Statistics

    Access and download statistics

    Corrections

    All material on this site has been provided by the respective publishers and authors. You can help correct errors and omissions. When requesting a correction, please mention this item's handle: RePEc:spr:jhappi:v:22:y:2021:i:6:d:10.1007_s10902-020-00320-x. See general information about how to correct material in RePEc.

    For technical questions regarding this item, or to correct its authors, title, abstract, bibliographic or download information, contact: . General contact details of provider: http://www.springer.com .

    If you have authored this item and are not yet registered with RePEc, we encourage you to do it here. This allows to link your profile to this item. It also allows you to accept potential citations to this item that we are uncertain about.

    If CitEc recognized a bibliographic reference but did not link an item in RePEc to it, you can help with this form .

    If you know of missing items citing this one, you can help us creating those links by adding the relevant references in the same way as above, for each refering item. If you are a registered author of this item, you may also want to check the "citations" tab in your RePEc Author Service profile, as there may be some citations waiting for confirmation.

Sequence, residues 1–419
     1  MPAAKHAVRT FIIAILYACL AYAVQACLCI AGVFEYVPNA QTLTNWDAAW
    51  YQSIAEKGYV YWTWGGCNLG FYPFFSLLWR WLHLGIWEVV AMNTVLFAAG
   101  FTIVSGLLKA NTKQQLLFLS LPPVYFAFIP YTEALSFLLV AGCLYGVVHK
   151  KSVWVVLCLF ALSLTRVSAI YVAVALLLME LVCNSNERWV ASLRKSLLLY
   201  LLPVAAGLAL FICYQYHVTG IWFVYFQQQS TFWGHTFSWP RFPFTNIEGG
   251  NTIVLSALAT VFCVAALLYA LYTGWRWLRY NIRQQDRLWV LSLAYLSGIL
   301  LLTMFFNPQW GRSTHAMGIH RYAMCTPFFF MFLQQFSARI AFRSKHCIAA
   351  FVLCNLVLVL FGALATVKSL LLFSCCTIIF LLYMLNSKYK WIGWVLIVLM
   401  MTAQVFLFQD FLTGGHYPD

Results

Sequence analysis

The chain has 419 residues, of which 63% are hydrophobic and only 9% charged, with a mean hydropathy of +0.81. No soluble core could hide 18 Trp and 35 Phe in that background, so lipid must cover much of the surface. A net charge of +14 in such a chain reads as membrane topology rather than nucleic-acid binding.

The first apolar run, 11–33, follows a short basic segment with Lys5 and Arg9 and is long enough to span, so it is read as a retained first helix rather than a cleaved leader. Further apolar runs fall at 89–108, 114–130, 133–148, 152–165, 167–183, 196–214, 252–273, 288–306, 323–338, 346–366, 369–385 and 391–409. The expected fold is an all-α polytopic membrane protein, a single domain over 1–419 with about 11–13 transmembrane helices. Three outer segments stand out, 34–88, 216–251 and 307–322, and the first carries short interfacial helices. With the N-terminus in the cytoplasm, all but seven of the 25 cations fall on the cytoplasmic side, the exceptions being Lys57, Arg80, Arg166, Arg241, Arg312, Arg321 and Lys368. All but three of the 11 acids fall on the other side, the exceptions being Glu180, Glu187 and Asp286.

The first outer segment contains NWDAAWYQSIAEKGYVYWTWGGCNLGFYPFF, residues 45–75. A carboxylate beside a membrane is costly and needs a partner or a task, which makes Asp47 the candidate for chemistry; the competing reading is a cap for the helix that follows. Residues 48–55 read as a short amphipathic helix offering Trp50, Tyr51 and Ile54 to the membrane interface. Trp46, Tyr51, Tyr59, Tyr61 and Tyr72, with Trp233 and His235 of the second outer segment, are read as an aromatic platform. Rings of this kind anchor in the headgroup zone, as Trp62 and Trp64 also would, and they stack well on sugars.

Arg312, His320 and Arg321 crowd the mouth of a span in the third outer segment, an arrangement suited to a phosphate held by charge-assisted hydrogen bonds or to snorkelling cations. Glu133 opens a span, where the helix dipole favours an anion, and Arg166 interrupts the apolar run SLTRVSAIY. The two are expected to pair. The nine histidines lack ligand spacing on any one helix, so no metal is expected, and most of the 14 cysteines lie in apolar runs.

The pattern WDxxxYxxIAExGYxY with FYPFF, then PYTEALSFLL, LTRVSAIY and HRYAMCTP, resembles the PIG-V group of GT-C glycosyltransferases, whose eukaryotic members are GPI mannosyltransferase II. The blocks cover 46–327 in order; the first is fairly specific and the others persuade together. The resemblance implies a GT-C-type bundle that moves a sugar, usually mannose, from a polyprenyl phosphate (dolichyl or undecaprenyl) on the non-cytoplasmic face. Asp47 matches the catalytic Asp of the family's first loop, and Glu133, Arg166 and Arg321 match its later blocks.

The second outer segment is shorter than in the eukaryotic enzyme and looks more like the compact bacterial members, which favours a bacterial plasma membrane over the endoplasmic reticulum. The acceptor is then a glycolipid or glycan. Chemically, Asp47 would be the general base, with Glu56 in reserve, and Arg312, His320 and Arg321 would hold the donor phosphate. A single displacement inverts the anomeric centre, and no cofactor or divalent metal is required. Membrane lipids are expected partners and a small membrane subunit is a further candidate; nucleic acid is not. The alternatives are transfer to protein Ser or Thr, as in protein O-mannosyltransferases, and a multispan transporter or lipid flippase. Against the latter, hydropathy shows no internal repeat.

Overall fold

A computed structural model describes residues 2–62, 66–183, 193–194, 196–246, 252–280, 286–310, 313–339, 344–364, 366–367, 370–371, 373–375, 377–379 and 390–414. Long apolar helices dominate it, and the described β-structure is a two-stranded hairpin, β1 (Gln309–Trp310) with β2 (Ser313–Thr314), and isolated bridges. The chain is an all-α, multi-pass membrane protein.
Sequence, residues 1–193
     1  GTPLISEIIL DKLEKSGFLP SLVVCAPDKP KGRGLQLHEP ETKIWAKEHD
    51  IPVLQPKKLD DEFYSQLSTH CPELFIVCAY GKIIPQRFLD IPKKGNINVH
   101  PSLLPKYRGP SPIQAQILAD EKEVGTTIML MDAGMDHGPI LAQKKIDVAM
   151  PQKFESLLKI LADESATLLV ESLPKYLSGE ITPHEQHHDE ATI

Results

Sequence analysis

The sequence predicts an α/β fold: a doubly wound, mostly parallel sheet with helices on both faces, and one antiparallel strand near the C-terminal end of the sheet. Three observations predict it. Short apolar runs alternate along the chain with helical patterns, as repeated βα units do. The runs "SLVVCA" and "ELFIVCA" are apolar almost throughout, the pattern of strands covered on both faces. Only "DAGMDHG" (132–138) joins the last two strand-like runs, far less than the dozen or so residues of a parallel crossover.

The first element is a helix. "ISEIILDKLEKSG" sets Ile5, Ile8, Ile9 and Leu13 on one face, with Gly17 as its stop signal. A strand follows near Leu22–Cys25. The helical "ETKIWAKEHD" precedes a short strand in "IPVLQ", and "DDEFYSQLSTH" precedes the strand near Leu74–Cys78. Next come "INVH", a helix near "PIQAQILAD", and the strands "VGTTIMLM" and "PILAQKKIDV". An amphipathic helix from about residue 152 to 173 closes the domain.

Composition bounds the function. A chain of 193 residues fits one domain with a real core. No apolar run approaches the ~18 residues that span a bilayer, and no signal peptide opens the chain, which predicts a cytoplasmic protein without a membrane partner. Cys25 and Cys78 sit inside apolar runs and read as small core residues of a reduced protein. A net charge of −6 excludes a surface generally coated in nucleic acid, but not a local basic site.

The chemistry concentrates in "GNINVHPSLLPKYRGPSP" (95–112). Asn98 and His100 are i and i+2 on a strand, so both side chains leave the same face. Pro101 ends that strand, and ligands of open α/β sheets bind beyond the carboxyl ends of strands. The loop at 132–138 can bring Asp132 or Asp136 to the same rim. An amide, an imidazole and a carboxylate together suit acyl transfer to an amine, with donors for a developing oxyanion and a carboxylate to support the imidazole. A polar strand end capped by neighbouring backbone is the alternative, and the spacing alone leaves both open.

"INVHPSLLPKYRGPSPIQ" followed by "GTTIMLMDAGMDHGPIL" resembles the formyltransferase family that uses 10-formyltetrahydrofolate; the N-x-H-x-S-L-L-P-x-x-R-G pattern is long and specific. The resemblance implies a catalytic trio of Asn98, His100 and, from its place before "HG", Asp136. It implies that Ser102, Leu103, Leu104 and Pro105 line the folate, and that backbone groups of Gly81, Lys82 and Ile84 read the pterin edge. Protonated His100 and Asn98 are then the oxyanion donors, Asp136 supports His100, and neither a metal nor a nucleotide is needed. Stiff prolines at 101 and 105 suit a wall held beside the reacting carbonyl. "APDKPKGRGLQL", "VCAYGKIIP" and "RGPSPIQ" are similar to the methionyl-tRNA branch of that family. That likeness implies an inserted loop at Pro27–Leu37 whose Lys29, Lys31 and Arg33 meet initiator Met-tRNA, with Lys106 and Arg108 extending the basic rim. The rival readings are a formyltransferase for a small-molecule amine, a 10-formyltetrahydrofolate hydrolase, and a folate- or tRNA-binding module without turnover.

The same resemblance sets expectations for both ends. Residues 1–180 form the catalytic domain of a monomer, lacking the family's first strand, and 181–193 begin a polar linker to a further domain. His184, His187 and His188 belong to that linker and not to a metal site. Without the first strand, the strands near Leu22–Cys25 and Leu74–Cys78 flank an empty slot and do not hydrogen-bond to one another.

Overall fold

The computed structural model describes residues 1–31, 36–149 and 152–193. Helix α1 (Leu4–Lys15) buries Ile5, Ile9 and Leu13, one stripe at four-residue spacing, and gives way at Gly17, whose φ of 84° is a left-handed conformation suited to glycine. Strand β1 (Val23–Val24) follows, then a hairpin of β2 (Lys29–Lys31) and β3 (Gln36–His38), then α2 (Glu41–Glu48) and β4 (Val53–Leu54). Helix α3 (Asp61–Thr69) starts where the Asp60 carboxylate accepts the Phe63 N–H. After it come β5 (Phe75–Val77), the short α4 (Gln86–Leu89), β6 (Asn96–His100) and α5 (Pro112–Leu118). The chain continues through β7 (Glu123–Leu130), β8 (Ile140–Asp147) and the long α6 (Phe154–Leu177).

For technical questions regarding this item, or to correct its authors, title, abstract, bibliographic or download information, contact: Sonal Shukla or Springer Nature Abstracting and Indexing (email available below). General contact details of provider: http://www.springer.com .

    Please note that corrections may take a couple of weeks to filter through the various RePEc services.

    IDEAS is a RePEc service hosted by the Research Division of the Federal Reserve Bank of St. Louis . RePEc uses bibliographic data supplied by the respective publishers.